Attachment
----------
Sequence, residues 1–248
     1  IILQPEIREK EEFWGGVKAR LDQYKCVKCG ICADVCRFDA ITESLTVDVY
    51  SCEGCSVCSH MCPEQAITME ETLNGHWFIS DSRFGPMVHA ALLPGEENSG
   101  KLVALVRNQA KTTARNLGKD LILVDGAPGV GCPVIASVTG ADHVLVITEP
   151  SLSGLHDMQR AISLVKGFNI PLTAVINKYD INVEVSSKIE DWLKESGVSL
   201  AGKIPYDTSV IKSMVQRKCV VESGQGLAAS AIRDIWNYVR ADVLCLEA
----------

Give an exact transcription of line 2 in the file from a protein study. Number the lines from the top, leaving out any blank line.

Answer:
     1  IILQPEIREK EEFWGGVKAR LDQYKCVKCG ICADVCRFDA ITESLTVDVY